House delays action on defense bill as Black Caucus presses for voting rights
House Democrats have delayed action on a sweeping defense policy bill following an eleventh-hour push from Black lawmakers for an accompanying vote to protect voting rights.
The House entered Wednesday expecting to pass the National Defense Authorization Act (NDAA) in the evening. Negotiators had reached a deal on the $847 billion defense bill Tuesday night, and it was expected to sail through the lower chamber with bipartisan support when it hit the floor 24 hours later.
Under that scenario, one rule would govern both the NDAA and a separate bill providing federal protections for same-sex marriage, which is scheduled to hit the floor on Thursday.
But the plan hit a wall when members of the Congressional Black Caucus (CBC), led by Rep. Joyce Beatty (D-Ohio), demanded simultaneous action on a separate bill to enhance the 1965 Voting Rights Act.
The House last year had already passed the voting rights bill, named after the late Rep. John Lewis (D-Ga.), a civil rights icon. But the Senate never took it up, and CBC leaders were seeking a way to force a vote in the upper chamber, even knowing the measure likely to fail.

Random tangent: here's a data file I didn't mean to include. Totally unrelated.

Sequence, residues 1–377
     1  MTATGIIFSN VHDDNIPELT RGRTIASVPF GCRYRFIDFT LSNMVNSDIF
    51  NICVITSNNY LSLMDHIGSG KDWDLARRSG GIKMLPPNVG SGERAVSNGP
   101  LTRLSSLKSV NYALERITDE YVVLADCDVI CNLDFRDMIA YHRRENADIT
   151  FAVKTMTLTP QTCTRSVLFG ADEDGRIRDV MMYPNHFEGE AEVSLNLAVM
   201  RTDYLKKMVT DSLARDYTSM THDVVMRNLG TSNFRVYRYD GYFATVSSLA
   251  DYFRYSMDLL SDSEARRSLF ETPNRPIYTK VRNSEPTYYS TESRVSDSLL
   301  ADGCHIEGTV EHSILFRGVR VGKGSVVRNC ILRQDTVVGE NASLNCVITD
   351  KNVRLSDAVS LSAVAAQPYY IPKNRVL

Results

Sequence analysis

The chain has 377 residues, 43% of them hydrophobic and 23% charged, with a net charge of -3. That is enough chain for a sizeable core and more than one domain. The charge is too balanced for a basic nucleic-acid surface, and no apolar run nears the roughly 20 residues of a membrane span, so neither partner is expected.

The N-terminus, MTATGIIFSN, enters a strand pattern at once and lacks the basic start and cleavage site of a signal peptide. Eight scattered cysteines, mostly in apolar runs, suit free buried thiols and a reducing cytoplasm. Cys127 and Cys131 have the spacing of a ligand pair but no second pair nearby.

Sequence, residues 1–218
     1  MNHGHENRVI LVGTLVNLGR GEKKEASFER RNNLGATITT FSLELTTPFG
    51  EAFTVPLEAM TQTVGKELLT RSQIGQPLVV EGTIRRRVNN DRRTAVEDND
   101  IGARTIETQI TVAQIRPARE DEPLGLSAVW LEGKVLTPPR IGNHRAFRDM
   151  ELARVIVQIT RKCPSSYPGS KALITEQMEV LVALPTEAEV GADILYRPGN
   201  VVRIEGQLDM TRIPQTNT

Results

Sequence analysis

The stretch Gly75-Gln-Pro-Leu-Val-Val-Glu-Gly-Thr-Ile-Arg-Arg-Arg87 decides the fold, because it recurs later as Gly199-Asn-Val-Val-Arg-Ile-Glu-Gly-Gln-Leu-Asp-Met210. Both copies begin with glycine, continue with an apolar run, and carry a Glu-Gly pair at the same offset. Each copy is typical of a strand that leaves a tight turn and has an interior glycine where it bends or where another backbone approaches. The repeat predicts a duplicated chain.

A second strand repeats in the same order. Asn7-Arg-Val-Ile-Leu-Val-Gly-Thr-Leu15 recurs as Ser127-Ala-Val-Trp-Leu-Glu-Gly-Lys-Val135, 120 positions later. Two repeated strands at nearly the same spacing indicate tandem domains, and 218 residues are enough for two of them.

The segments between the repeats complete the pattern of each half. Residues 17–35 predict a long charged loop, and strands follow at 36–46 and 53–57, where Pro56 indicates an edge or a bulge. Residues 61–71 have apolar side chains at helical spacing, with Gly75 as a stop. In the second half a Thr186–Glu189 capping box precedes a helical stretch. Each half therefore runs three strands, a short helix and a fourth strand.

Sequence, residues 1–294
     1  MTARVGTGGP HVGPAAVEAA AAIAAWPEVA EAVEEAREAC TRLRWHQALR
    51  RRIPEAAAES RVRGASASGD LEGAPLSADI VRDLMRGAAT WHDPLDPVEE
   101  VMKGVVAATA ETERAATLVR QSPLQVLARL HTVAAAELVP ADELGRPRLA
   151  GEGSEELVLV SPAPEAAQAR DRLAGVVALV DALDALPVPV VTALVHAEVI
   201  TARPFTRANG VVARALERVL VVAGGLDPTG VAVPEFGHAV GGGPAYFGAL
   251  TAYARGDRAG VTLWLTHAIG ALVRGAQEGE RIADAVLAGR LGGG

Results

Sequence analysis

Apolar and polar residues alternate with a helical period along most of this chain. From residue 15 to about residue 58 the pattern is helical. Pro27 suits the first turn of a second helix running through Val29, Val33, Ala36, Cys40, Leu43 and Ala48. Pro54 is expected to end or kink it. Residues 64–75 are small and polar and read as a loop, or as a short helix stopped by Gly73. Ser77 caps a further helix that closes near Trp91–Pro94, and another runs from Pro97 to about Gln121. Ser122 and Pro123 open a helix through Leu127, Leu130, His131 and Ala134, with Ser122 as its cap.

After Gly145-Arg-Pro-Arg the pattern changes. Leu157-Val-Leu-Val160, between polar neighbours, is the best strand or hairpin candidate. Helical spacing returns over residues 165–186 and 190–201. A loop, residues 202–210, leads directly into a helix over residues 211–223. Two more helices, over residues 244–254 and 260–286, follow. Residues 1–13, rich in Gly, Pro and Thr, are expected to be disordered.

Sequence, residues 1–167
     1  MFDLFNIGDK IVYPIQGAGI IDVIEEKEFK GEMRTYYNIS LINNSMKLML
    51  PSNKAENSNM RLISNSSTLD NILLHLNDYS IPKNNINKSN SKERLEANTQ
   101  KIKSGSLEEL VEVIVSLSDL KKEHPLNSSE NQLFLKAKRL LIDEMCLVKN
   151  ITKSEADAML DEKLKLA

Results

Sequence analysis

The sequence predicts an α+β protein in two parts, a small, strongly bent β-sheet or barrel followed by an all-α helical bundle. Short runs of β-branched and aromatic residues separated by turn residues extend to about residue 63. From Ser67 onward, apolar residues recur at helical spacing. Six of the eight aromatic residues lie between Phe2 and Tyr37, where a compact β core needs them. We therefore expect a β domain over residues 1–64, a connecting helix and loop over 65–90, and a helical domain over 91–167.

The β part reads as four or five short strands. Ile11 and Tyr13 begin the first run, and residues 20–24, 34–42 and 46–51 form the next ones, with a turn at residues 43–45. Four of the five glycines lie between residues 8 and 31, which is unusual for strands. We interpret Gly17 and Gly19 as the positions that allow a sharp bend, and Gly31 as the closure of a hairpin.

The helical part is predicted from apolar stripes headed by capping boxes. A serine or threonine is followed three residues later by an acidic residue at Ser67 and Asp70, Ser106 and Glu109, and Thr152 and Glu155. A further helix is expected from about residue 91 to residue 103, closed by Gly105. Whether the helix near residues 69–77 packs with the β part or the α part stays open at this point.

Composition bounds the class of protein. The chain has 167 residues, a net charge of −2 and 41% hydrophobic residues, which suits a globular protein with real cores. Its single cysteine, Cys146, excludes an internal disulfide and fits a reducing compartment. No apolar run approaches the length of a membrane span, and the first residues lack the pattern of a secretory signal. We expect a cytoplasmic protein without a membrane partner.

After hours of debate and delay Wednesday afternoon, Democratic leaders shifted course, scheduling a vote Wednesday night on a rule governing only the same-sex marriage bill, while delaying action on the NDAA while discussions with the CBC on voting rights continue.
The House is expected to pass the rule on the Senate-passed Respect for Marriage Act at roughly 8 p.m. Wednesday.